Well, today is the day before my sermon! So I'll write one last post for my series on preaching----though I may also write about my sermon tomorrow, after I come home from church. In this post, I'll draw from The Waltons episode entitled "The Sermon", in which John-Boy has to give a sermon at his church in the pastor's absence. I have two thoughts.
1. In the Waltons
episode, John-Boy checks out a bunch of books to help him prepare for
his sermon, and his Grandma gives him advice (based on the preachers she
has heard over the years) in hope that John-Boy will be a powerful
preacher on Sunday. John-Boy feels a little overwhelmed, for he wants
to deliver a learned sermon, but he doesn't have any preaching
experience, plus there are a few in the congregation who don't have a
whole lot of faith in him. As John-Boy pores over the books, his father
John checks on him to see how he is doing, and John gives John-Boy one
of those helpful Walton father-son chats. John-Boy complains to his
father that the books are telling him to do all sorts of contradictory
things, and he doesn't know whom to believe. John then tells his son
that, at some point, John-Boy will have to put away the books, and even
put his grandmother's advice to the side, so he can listen to what his
own heart is telling him and write the sermon that he wants to write.
John then reminds John-Boy that John-Boy is a good writer, and the words
usually come to him.
Something that I have highlighted in my
series on preaching is that there are all sorts of ideas about what
constitutes effective preaching. Some say that you should tell stories,
while others say that sermons should have meaty intellectual content.
Some advocate pounding the pulpit, whereas others promote a gentler
approach. And the list goes on. My opinion is that all sorts of styles
can be effective. I've heard powerful sermons in which the preacher
shares wisdom that he or she gained from personal experience, but I have
heard other sermons that were good but did not share any personal
anecdotes, or even stories, for that matter. And the reverse is
true----I've heard bad sermons that had anecdotes, and bad sermons that
lacked a personal touch.
In terms of the sermon that I will be
delivering this Sunday, I do not share any personal anecdotes, but I go
through the story of Job, then I draw points of application from it. I think that the negative to this is that my sermon lacks a personal touch, since it's largely exegesis.
For Layperson Sunday, in which a layperson like me preaches the sermon,
people in my church probably want a personal touch----they want me to
bring who I am as a person into my sermon, as I share who I am. The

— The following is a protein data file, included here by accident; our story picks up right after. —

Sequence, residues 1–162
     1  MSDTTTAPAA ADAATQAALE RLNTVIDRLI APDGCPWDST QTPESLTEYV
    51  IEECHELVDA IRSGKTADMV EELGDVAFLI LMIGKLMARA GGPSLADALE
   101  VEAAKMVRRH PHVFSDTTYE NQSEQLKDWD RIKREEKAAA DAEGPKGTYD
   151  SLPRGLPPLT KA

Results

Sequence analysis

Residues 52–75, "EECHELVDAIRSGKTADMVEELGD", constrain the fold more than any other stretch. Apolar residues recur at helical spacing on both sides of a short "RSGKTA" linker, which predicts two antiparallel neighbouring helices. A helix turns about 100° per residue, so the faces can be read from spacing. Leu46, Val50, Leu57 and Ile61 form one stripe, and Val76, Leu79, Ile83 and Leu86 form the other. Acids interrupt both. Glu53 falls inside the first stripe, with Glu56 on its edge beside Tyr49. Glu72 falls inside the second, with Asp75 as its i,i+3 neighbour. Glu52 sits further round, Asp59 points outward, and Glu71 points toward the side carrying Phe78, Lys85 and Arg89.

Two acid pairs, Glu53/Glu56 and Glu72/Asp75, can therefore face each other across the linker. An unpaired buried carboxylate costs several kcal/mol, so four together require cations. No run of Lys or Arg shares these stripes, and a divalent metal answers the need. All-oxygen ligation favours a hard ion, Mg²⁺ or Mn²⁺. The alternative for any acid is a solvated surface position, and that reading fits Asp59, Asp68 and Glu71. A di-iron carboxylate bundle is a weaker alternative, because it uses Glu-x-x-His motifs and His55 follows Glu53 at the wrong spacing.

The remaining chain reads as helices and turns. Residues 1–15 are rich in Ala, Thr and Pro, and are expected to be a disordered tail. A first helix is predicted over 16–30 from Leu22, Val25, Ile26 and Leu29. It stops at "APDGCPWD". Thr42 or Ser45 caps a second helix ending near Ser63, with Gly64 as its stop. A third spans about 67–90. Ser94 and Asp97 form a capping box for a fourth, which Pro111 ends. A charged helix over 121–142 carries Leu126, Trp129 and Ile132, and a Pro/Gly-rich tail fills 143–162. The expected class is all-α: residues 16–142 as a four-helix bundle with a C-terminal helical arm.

last time that a layperson delivered the sermon was during Gifts of
Women Sunday, and the lady giving that message talked about her own
experiences as a single-parent, as she brought in the biblical story of
Hagar (see here).
my sermon will be different. It's not because I, like John-Boy,
meditated in solitude and made a decision about the best kind of sermon
that I could preach. Rather, what happened was that I sat in front of
the computer to type my sermon out, and what came out was what came
out. I felt that I should tell the story of Job, and it took me a lot
of time to do so, such that I did not have the time to cut to a personal
anecdote----plus doing so would disrupt the flow of my message.
Is my sermon the best? No, but it is what it is. And, in a sense, it
does communicate who I am----it tells the congregation that I interpret
biblical texts, and that I am interested in themes that are in the Book
I guess that, if you want an anecdote, my telling of the story of Job will be that anecdote!
The Pastor Emeritus' sermons often tell a biblical story and draw
lessons from it, and I'll be imitating him in this. The congregation
loves the Pastor Emeritus----some of them even visited other churches
where he was preaching, just to hear him! I think that one reason his sermons have appeal is that he tells the stories of the Bible, and people love stories.
John-Boy fears that his sermon won't be as thoughtful as what the
pastor usually delivers, and John tells his son that the pastor has been
preaching for a long time and thus has experience and knowledge when it
comes to preaching, and also that John-Boy won't learn all that there
is to know about preaching in a week. I think that these are important
insights. My message this coming Sunday probably won't be the best
sermon ever delivered in the history of homiletics. Maybe I won't ever
be invited to preach at my church again! (John-Boy said that he was
never asked to preach again after his sermon.) But my sermon will be
what it will be!
I may share with you how my sermon
goes, since I write about my experiences at church each week. Or I may
comment on a hymn I sang, as I sometimes do in my church write-ups. I'm somewhat like Grandpa Walton: one reason that I like going to church is the singing!